We are sent back outside to wait for the 3 hours or more until a doctor eventually will have time to tell me whether she should discontinue the antibiotics, is it meningitis, is it quinsy, or could it be glandular fever?
It's 8pm and the waiting room is chokablock. There are a number of over protective mothers with children who do not look sick, and although I am one of them myself, I still think we should be seen first because my daughter is on fire and has already fainted today. Well maybe the baby whose cough sounds more like a rabid dog should be seen first, but we should definitely be seen second. A stream of people from the travelling community are going up and down the corridor. Their loved one must have been admitted, and they are all there to offer support. I feel a twinge of envy at their close knit family and the effort they are making to be supportive. I know if it were me who'd been admitted my family and friends would just not have the time to come see me, especially at this time of the evening when it clashes with Coronation Street. A youngish woman in pyjama bottoms and a winter coat arrives in and sits beside me. She is carrying a pot which she proceeds to get sick into. I can't help seeing it, it's green bilous dangerous looking stuff. It's disgusting. I want to move beside someone with something uncomplicated like an ulcerated leg, but my daughter wants to give the woman her water. I have an aha moment where I realise that myself and the daughter are both quite different in nature.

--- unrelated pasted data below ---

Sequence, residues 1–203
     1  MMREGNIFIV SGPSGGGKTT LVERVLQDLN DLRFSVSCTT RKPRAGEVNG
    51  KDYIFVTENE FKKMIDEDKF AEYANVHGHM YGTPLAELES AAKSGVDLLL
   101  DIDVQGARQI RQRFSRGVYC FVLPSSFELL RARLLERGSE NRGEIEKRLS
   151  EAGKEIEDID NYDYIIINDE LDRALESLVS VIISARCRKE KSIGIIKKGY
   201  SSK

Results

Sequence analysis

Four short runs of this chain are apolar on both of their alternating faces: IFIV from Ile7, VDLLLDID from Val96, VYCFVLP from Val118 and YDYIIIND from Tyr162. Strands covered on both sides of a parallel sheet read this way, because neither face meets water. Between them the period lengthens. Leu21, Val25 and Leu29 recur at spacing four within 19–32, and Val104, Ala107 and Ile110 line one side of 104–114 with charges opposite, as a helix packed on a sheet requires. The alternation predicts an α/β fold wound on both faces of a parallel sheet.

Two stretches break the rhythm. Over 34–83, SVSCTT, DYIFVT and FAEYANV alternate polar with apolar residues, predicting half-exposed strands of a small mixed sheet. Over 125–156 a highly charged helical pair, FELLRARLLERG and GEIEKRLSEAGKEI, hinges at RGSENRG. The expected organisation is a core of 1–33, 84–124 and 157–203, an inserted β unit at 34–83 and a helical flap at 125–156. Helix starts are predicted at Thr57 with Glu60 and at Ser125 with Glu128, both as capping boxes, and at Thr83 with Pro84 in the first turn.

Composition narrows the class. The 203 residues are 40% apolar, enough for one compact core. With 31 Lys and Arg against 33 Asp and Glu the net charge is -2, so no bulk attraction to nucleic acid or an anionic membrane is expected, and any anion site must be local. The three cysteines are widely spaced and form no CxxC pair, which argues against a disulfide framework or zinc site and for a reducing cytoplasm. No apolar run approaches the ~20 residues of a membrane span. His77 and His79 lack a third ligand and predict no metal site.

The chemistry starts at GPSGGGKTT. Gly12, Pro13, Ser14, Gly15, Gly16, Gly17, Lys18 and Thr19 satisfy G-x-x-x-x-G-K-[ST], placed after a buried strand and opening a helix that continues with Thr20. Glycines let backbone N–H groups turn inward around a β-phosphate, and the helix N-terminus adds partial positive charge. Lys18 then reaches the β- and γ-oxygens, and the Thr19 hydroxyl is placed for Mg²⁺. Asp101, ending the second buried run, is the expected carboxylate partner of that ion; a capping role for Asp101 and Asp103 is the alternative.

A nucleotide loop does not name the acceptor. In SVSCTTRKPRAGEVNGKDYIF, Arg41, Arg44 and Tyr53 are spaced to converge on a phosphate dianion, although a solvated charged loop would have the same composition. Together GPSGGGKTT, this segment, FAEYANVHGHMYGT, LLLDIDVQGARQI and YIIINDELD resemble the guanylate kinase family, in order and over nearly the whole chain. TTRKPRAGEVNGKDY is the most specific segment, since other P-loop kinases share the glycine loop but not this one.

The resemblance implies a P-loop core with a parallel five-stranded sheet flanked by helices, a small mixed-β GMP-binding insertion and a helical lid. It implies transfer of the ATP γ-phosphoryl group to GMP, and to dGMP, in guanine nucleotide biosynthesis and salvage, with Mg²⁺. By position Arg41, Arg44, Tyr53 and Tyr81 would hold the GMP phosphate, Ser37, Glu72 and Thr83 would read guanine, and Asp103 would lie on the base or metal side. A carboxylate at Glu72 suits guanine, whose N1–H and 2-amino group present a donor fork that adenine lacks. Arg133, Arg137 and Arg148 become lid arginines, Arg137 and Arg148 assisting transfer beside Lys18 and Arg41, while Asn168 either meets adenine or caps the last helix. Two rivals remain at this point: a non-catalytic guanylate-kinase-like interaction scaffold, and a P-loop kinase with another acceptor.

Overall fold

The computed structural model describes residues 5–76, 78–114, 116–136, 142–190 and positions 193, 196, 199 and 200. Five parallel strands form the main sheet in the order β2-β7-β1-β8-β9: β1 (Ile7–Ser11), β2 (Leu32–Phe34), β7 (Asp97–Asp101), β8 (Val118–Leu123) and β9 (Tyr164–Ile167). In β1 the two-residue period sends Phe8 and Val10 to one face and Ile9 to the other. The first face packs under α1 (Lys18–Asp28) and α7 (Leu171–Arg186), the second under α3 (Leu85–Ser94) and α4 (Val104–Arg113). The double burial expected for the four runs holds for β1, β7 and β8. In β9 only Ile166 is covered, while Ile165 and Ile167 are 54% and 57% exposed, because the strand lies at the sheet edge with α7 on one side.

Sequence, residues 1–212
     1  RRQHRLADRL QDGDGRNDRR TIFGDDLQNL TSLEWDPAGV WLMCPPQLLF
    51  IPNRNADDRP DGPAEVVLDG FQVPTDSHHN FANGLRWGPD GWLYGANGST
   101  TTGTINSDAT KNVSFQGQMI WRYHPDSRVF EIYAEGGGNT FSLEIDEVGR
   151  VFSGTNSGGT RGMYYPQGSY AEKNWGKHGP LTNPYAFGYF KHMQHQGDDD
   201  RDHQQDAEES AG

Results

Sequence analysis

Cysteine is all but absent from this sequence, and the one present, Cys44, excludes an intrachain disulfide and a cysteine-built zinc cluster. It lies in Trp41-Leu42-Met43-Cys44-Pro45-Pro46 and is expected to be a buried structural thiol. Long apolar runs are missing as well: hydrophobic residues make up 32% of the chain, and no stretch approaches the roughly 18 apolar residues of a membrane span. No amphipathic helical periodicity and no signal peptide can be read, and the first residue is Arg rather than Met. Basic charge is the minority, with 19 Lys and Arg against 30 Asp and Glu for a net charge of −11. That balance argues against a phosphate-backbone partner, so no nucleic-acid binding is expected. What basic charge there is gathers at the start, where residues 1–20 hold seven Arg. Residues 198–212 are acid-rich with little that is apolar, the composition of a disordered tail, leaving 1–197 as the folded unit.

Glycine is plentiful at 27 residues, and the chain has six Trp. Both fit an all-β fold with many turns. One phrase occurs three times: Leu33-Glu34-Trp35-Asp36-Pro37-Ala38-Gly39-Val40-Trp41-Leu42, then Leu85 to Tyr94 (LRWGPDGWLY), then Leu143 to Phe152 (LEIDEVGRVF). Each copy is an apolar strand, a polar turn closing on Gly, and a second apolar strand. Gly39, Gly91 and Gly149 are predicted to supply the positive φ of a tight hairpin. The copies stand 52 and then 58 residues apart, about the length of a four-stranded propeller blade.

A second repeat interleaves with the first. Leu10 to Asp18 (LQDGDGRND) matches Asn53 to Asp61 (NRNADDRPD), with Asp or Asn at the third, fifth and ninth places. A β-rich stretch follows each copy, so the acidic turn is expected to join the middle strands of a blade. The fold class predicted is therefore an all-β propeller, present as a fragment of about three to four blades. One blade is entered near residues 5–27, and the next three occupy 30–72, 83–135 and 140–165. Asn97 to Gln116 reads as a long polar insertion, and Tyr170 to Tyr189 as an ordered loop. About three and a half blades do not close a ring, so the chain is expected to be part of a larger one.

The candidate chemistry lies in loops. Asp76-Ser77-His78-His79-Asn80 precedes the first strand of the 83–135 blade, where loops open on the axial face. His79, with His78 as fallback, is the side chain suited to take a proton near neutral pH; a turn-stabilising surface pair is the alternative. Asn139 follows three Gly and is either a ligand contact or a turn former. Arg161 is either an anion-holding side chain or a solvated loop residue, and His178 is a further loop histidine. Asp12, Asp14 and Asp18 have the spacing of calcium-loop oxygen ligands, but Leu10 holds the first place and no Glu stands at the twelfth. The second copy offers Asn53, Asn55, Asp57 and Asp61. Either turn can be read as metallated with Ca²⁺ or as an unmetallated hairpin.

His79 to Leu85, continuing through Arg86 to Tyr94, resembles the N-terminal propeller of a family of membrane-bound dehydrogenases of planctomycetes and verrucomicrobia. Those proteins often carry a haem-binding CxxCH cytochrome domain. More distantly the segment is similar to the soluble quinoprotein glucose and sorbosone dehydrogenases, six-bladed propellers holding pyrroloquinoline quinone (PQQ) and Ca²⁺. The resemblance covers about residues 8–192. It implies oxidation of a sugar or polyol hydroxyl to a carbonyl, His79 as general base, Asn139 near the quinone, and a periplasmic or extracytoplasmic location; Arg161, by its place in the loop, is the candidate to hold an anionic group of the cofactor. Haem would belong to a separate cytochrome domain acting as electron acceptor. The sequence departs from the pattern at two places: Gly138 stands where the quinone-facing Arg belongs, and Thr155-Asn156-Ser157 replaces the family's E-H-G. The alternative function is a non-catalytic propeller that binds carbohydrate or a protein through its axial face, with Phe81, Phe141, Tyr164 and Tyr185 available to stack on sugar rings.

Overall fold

Then there's the 'there's always someone worst than you' moment when an elderly lady is discharged from the golden gates of inner casualty. She stumbles as far as the waiting area. Black eye, arm in plaster, bandaged gash on head. She flops into one of the seats and even my hardened self begins to feel the tears well up. Her injuries would take down a boxer, but she is already old and feeble. I decide that it's ok to wait the three hours if there are people like her being seen to.
But then the ambulance men wheel in a drunk on a stretcher. I recognise the guy as one of the local hobos. There's blood pouring from his head and I tell myself that one must be politically correct and remember that a head injury is a head injury, even if self inflicted with tax payers money on dole day. This will probably cost us another hour in the queue.
A woman who seems to be one of the serial visitors here, because what else would you be doing on a Tuesday night, decides to play the good samaritan and hands me a magazine. It is one of those sensational sob story rags, and I'm not sure why it is needed in a room like this. I browse through it in order to feign appreciation. There are stories about children being murdered, children dying of rare diseases and children being neglected by junkie parents.
The people from the traveller community are growing in numbers and leaving in tears. An older woman comes in accompanied by some younger ones. She stops on her way in and sits on one of the chairs in casualty, hands in her face, she is crying, and it is a rare moment where a light shines into somebody elses pain. It goes through me as if it were my own. Somebody must be very ill, a loved one. Maybe there is someone fighting for their life tonight, so I decide not to bang on the golden doors of the inner circle to complain about the wait.
The triage nurse, let's just call her 'old misery pants' seeing as we don't know her name, comes out and calls someone's name. One of the young guys from the traveller community spontaneously shouts out
'he died'! I can't help laughing out loud so we both get daggers looks from old misery pants whilst the guy whose name she called out comes limping towards her.
'Ah sorry love, I'm only messing.' The traveller dude sounds like he's used to saying sorry. I like the thought that this place is so bizarrely dysfunctional and warzone-like, that you really could have a corpse slouched on one of the chairs, and who the hell would notice?